B1 Cell biology Flashcards Preview

AQA GCSE Biology > B1 Cell biology > Flashcards

Flashcards in B1 Cell biology Deck (32)
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1

What is the difference between a eukaryotic cell and a prokaryotic cell?

A eukaryotic cell is a cell that has genetic material enclosed in a nucleus.

A prokaryotic cell is a cell where the genetic material is not enclosed in a nucleus.

2

What is the role of the cytoplasm?

The cytoplasm is where many chemical reactions of the cell take place.

3

What is the role of the cell membrane?

The cell membrane allows substances in and out of the cell.

4

What is the role of the mitochondria?

The mitochondria is the site of respiration.

5

What is the role of ribosomes?

Ribosomes are the site of protein synthesis.

6

What is the role of the cell wall?

The cell wall provides structure and support to a plant cell.

7

What is the role of the chloroplasts?

The chloroplasts are the site of photosynthesis in plant cells.

8

Name 3 organelles found in a plant cell but not in an animal cell.

3 organelles that are only found in plant cells are:

  • Cell wall
  • Chloroplasts
  • Permanent Vacuole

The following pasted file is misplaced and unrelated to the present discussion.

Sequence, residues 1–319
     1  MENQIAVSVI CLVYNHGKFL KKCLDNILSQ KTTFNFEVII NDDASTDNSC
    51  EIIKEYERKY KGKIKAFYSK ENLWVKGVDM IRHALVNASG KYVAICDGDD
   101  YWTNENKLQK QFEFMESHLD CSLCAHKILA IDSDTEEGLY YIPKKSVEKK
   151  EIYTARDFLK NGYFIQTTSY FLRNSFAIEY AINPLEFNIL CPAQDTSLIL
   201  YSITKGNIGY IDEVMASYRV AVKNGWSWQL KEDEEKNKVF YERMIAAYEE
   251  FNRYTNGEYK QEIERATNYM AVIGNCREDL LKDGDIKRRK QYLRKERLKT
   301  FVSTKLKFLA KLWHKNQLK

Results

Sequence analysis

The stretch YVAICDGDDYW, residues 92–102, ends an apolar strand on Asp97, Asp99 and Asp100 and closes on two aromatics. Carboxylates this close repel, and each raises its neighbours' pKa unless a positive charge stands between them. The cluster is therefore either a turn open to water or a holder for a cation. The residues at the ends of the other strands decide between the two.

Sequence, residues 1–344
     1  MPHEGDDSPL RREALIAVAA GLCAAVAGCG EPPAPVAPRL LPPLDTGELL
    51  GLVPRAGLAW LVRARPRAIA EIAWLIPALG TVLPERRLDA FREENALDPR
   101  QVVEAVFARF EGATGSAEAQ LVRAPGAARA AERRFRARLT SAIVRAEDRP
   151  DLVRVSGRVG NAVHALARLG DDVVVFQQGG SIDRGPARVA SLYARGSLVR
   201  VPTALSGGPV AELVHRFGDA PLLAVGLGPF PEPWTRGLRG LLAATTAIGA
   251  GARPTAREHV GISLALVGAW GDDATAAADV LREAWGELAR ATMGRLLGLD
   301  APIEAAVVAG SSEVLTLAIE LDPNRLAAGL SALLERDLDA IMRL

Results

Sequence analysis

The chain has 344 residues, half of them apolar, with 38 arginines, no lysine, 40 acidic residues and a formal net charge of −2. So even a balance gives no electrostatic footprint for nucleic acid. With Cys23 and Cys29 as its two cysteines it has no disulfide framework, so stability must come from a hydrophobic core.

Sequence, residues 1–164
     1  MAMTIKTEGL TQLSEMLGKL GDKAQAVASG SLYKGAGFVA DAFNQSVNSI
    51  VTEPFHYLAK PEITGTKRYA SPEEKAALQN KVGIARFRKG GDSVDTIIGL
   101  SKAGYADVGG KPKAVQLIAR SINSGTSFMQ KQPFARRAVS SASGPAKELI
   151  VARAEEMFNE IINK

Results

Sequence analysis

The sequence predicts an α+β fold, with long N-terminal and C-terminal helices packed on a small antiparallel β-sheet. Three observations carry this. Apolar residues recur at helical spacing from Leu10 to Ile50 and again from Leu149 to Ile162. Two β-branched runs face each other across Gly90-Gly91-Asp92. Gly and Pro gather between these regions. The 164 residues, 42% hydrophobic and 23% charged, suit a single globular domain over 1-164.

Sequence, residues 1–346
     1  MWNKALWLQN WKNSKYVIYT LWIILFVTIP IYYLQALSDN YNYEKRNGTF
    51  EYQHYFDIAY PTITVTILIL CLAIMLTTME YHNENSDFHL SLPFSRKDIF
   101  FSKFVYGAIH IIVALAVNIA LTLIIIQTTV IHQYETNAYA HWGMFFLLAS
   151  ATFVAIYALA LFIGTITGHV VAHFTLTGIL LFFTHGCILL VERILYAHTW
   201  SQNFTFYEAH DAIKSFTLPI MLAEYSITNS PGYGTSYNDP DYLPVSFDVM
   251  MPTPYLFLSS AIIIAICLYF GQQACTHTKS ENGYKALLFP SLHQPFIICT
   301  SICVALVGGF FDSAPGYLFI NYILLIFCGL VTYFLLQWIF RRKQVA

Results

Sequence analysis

9

What is a specialised cell?

A specialised cell is a cell that is adapted to its function.

10

Describe and explain 3 ways in which a sperm cell is specialised.

A sperm cell is specialised because it has:

  • a tail so that it can swim towards the egg for fertilisation.
  •  Many mitochondria so that it can produce energy for movement.
  •  An acrosome containing digestive enzymes to penetrate the egg

11

Describe and explain how a nerve cell is specialised.

Nerve cells are specialised to carry electrical impulses around the body. They have several adaptations including;

  • Dendrites to make connections to other nerve cells.
  • Long axons that carry the impulse from one place to another
  • A myelin sheath for insulation
  • Synapses contain many mitochondria to produce the energy needed to make neurotransmitter

12

Describe and explain how a muscle cell is specialised.

Muscle cells are adapted to contract and relax. Striated muscle cells have three main adaptations;

  • They contain special proteins that slide over each other making the fibres contract.
  • They contain many mitochondria to produce the energy needed to contract and relax.
  • They can store glycogen which is used to produce energy.

13

Describe and explain the adaptations of root hair cells.

Root hair cells have 3 main adaptations:

  • They have a projection which increases the surface area available for water to move in to the cell.
  • They have a large permanent vacuole which speeds up the movement of water in to the cell
  • They have many mitochondria to produce the energy needed to move ions and minerals in to the cell.

14

Compare the maginification and resolution of a light microscope and an electron microscope.

An electron microscope has a much higher magnification and resolving power than a light microscope. This means that it can be used to study cells in a much finer detail.

15

Describe how bacteria multiply.

TRIPLE ONLY

Bacteria multiply by binary fission as often as every 20 minutes.

16

Describe how to prepare an uncontaminated culture using aseptic technique.

TRIPLE ONLY

  • Petri dishes and culture media must be sterilised before use.